I do not see a benefit in delaying the investment decision, unless you are concerned about overvalued markets and fear a pullback in the short-term. In that case, you may want to stage the investment by not investing it all in one go. However, it is very difficult to time the market. If you are investing for the long-term, it is the time invested in the market that is important. If you are concerned about the impact of transaction costs and fees on smaller investment amounts, the good news is that it does not have to be such a big worry anymore. With the different options available in terms of investment platforms (like EasyEquities), you can start investing with smaller amounts and do not have to wait until you have a bigger amount saved up. Also, most unit trusts have minimum investment amounts of R10,000 and minimum debit order amounts of R500, if you want to go that route.

Caron asks,
I was invested with Sanlam Plexus – bad advice because 75% was held in REITs (property shares) which had a major crash March last year. I think I lost R2 million, so I panicked and sold out. I have now invested in an Allan Grey platform, as I felt I had to protect what I had left. 20% in FANG global equities and the rest in a very safe long-term investment. 
I would love to write to my investors to complain that when the market was crashing they never took care of me and told me to cash in – protect capital and wait for markets to recover! Have I done the correct thing or should I have hung on with property?
Johan answers,

Firstly, the impact of Covid-19 and the fall in REIT prices was very difficult to predict. Many investors experienced big drawdowns in their investments. However, those paper losses do become realised losses as soon as you sell. It is a natural, human reaction to want to stop the losses after seeing such as steep fall in the market. So don’t beat yourself up about it. Whether it was the correct decision depends on the outlook for listed property going forward, especially relative to other investment options. It is clear that the property sector took a big knock, and it is not certain that it will see a recovery soon.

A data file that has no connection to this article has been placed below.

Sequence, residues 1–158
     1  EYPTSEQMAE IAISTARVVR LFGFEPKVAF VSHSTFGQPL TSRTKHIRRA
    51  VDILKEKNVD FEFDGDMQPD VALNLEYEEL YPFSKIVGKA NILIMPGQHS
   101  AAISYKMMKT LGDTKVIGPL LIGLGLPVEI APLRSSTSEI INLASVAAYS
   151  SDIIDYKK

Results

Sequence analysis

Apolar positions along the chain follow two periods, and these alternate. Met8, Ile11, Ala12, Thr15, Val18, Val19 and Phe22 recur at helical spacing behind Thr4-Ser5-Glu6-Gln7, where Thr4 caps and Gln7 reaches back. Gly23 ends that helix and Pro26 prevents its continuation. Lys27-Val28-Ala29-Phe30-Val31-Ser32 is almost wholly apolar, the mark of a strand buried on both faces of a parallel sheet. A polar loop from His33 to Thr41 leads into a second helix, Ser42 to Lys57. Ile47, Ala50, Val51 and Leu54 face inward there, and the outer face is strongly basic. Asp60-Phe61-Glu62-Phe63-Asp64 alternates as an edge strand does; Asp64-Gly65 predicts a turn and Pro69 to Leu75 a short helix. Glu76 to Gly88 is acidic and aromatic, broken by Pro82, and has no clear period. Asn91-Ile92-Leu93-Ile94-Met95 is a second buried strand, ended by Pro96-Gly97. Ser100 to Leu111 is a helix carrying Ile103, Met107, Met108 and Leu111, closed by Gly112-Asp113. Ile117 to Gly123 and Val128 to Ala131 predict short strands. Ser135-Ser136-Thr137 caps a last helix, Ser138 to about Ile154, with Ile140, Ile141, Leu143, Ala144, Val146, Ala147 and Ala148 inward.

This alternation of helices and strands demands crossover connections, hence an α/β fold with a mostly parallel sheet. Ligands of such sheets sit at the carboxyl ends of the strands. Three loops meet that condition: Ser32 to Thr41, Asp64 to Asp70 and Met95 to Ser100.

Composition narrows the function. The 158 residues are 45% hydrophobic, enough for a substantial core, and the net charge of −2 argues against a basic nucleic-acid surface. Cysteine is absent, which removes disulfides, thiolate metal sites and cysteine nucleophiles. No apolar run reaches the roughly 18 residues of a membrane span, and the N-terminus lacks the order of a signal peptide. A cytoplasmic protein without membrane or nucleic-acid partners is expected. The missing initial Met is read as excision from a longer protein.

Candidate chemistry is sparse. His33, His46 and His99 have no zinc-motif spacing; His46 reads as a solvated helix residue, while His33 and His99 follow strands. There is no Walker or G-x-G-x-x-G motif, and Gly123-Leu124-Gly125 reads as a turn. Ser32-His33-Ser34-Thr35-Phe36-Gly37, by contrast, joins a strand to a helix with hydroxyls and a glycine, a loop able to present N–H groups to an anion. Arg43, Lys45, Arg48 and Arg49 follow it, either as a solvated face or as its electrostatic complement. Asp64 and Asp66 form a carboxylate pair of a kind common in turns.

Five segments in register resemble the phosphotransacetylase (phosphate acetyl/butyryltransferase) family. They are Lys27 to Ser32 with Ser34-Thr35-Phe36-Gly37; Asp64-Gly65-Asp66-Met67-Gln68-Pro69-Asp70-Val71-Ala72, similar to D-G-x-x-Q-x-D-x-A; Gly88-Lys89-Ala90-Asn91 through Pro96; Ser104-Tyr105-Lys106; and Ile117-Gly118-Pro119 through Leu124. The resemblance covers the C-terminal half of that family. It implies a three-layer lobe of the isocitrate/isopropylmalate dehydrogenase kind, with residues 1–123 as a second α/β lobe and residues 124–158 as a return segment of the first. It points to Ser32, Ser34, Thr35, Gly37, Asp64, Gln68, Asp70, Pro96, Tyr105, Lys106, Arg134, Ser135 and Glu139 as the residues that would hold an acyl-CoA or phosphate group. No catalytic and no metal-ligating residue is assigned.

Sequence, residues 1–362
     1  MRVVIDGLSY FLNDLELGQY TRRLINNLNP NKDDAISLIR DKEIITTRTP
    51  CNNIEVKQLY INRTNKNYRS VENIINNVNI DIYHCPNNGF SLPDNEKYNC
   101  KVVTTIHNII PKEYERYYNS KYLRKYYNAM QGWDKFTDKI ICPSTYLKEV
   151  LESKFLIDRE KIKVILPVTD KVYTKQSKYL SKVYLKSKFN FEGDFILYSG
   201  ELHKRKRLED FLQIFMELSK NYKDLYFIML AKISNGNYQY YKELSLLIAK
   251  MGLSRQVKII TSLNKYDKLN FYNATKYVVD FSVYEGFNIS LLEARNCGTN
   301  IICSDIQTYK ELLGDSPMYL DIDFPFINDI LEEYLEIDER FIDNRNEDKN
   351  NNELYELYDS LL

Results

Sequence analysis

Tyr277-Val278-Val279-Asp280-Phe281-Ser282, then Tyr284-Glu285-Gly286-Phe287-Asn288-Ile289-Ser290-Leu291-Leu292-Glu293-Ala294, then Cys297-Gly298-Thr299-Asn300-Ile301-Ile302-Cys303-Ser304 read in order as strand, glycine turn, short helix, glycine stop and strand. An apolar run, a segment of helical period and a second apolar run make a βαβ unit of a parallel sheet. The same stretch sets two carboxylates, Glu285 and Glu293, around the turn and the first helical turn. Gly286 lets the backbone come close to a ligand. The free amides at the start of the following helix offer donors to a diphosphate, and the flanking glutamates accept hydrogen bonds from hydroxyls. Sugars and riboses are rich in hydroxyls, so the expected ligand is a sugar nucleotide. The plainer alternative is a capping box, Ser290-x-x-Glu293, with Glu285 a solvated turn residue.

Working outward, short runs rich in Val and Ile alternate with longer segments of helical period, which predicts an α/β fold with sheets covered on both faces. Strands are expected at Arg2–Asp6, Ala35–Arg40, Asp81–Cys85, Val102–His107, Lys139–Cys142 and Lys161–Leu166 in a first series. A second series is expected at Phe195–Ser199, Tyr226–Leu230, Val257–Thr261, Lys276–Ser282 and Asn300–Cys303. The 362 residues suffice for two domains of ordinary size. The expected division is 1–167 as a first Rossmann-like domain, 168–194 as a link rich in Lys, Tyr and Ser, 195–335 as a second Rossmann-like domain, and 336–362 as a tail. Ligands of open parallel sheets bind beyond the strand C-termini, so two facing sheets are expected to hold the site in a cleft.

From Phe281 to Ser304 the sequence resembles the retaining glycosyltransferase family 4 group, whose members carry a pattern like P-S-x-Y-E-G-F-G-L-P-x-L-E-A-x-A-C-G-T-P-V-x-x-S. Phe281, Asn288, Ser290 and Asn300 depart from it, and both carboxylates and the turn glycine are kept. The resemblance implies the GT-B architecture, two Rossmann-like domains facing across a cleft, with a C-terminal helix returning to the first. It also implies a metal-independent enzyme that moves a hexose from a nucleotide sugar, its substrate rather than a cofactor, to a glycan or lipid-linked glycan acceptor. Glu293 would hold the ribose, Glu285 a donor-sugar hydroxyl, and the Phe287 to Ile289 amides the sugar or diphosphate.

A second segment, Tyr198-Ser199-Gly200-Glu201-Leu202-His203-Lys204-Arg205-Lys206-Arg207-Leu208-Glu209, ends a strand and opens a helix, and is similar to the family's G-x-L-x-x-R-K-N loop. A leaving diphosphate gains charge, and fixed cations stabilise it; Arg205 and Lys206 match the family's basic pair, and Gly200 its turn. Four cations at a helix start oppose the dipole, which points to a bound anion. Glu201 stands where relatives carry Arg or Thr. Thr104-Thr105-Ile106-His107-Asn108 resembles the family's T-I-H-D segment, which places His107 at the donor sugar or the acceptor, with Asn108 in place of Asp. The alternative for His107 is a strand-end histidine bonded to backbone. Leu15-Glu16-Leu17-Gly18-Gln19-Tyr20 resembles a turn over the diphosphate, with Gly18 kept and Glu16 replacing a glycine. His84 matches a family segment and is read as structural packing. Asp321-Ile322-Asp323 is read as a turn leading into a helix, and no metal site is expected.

With rental income under pressure, vacancies increasing, and high debt levels, chances are that REIT performance will remain muted for a while. Considering the appropriateness of the asset allocation and diversification levels in your portfolio, it seems that it was necessary to rebalance the portfolio anyway. I think your experience emphasises the importance of diversification in an investment portfolio. A concentrated position of 75% in one asset class was clearly not appropriate, especially for your risk tolerance. Try to learn from the experience without dwelling on the past, or the losses, and try focus on looking forward.

  • Johan Steyn, CFA is a lecturer in investment management, from the department of business management at Stellenbosch University. He holds a Masters in investment management and has a background in fund management.

Have a question about share investing? Write to me at [email protected].